“A spokesman for Overstock said that Byrne was committed to standing up for the company and ‘righting wrongs where he sees them.’ The presentation, the spokesman said, was not part of the long-range public relations strategy of the company. He said that Byrne, to his knowledge, is not currently under any psychiatric care and that he was sober when he gave the presentation,” Roddy Boyd wrote in Sunday’s New York Post, saying that Byrne had put on “arguably the strangest performance by a corporate executive in recent memory.”
Boyd’s article, not surprisingly, is being attacked by Overstock.com supporters, and I don’t blame them. Then again, they should have expected this type of response. I certainly agree that Byrne’s performance was “arguably the strangest performance by a corporate executive in recent memory,” and part of my job is to monitor what corporate executives are doing and saying.
It is somewhat difficult to fault Byrne for being both defensive and aggressive. He feels his company is not just being attacked but is being conspired against. Moreso, as the company’s largest shareholder, Byrne has a huge economic interest to protect. Likewise, he has the jobs of his employees, and the value of his shareholders’ investments, to worry about. Regardless, his handling of the current situation is troubling.
For example, Byrne’s public comments – both on the conference call and on television – could harm his company’s lawsuit. This is a prime example of why most companies offer little or no comment to the media when there is litigation pending. The lawsuit should speak for itself, and if you need to explain the lawsuit to the public, you either have bad lawyers or a bad case.
Worse, Byrne did little to clarify the specifics of the lawsuit on the conference call (the purpose of the call), and ended up turning the event into a long, confusing rant. How this helps his company’s case in the court of law or court of public opinion is beyond me. Again, instead of letting the actual lawsuit speak for itself, Byrne – not the important issues at hand – became the story.
Byrne’s CNBC appearance was not much better than his conference call performance. He seemed standoffish at points; he also didn’t have the body language, facial expressions or general appearance you expect from a CEO. We expect CEOs to exhibit confidence and a certain stoicism, not to have the look of someone who stayed up all night.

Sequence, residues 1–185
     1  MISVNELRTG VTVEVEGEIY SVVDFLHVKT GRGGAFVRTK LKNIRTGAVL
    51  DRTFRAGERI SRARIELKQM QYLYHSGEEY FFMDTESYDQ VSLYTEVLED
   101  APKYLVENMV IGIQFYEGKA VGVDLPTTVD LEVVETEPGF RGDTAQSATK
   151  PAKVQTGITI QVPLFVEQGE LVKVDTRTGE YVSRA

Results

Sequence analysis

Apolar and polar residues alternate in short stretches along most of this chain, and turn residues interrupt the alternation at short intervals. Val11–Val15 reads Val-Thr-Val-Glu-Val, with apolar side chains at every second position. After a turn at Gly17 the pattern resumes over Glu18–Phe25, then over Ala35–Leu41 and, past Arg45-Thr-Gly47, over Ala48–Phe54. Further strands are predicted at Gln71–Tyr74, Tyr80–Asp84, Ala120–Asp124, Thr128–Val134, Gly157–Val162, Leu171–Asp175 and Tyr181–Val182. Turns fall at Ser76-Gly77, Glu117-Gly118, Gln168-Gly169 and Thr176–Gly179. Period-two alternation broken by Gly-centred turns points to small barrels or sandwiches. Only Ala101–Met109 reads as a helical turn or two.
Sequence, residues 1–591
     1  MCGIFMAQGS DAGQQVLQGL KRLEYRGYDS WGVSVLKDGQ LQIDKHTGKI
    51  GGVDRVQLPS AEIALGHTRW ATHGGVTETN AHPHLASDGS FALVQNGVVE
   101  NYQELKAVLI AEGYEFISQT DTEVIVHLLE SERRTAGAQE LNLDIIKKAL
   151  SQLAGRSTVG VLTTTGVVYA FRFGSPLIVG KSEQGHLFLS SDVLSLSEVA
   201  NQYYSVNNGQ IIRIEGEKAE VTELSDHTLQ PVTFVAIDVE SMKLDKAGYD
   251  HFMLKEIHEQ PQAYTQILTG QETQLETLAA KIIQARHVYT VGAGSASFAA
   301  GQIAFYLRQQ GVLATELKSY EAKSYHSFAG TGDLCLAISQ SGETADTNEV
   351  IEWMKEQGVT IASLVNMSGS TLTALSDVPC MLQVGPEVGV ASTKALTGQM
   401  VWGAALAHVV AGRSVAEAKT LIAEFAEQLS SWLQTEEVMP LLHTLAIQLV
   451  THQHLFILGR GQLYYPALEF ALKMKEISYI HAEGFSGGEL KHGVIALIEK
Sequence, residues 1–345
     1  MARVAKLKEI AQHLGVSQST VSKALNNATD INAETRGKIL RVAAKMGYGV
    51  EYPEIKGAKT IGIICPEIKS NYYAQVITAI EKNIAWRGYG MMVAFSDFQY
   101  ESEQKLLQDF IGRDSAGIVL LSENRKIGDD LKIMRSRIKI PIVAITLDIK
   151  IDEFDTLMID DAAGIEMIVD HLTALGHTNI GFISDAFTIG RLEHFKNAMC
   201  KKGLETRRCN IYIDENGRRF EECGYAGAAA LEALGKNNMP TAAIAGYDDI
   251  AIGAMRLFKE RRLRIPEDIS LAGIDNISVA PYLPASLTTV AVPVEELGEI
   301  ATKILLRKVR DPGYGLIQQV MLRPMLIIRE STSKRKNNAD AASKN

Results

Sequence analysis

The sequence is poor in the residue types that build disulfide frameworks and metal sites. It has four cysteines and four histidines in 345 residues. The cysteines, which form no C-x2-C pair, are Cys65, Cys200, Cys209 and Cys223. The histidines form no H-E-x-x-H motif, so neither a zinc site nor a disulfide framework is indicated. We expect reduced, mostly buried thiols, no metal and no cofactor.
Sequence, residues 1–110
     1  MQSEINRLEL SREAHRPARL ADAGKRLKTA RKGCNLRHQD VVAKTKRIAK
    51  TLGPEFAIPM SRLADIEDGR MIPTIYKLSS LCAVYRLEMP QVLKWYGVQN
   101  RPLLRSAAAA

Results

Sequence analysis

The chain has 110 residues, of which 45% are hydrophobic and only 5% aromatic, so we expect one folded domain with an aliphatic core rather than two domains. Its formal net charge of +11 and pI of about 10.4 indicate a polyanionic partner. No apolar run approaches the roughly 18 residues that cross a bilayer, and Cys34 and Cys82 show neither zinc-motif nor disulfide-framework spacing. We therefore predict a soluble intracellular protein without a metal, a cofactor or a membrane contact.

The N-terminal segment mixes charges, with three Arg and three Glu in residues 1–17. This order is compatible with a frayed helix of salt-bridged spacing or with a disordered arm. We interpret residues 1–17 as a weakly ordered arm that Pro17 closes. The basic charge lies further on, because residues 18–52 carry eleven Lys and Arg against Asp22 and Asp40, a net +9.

Overstock.com’s lawyers haven’t been much help in the PR arena either. The lead firm handling the case issued a rather corny press release trumpeting their involvement, a rather strange move in my book. Again, let the suit speak for itself.
“We have an expression in Texas about the skill of matching the mules. Combining our lawyers and a-level experts with the tenacity, verve and commitment of Overstock.com CEO Dr. Patrick Byrne is a powerful alliance, hitched up for the long haul to win this battle. It is time someone tops these offshore hedge funds from taking advantage of average working Americans and American Public companies. That someone is us,” Attorney John O’Quinn stated in the release.
Another of Overstock.com’s lawyers told the New York Post that “he understood how many reporters and investors could be confused or dismayed by [Byrne’s] presentation. He said [Byrne’s] later appearance on CNBC made his case better.”
That’s not exactly a sign of confidence.
Make no mistake, Overstock.com’s lawsuit is important, and the case will be watched closely in many arenas. The problem is that, at least for now, the merits of the lawsuit have been ignored because of Byrne’s behavior. This does not benefit Overstock.com or its shareholders, and it has caused the media to ignore the larger story.
More importantly, Byrne’s constant attacks on the media over the past few years have done nothing but create bad will. Byrne obviously doesn’t believe the media treats his company fairly, and he has made this abundantly clear. However, by doling out personal attacks on journalists, Byrne has also essentially thrown away any chances of finding a sympathetic ear in the media, and he will need the media to help educate the public about this lawsuit and the issues at-hand (because, as it stands, Byrne can’t seem to find an intelligent way to do this on his own).
From a PR standpoint, Overstock.com’s lawsuit has been a disaster thus far. The company has been unable to present its case to the public in a clear manner; the public face of the company has people wondering about his mental state; and the company’s lawyers appear more interested in hyping their involvement than doing their jobs. Overstock.com shareholders, no doubt, hope the company’s legal strategy is better than its PR strategy, while the media awaits the next bizarre action from Byrne.
In the end, this case will be played out in the real courts, not the court of public opinion. However, if you’re going to use public venues to make your case, as Overstock.com has tried to do, it helps to portray yourself professionally. As it stands, Overstock.com has portrayed itself as paranoid and rambling. This may work well at UFO conventions, but it’s not going to help you on Main Street or Wall Street.
This article, written by Ben Silverman, originally appeared in PR Fuel (http://www.ereleases.com/prfuel), a free weekly newsletter from eReleases (http://www.ereleases.com), the online leader in affordable press release distribution. To subscribe to PR Fuel, visit: http://www.ereleases.com/prfuel/subscribe/.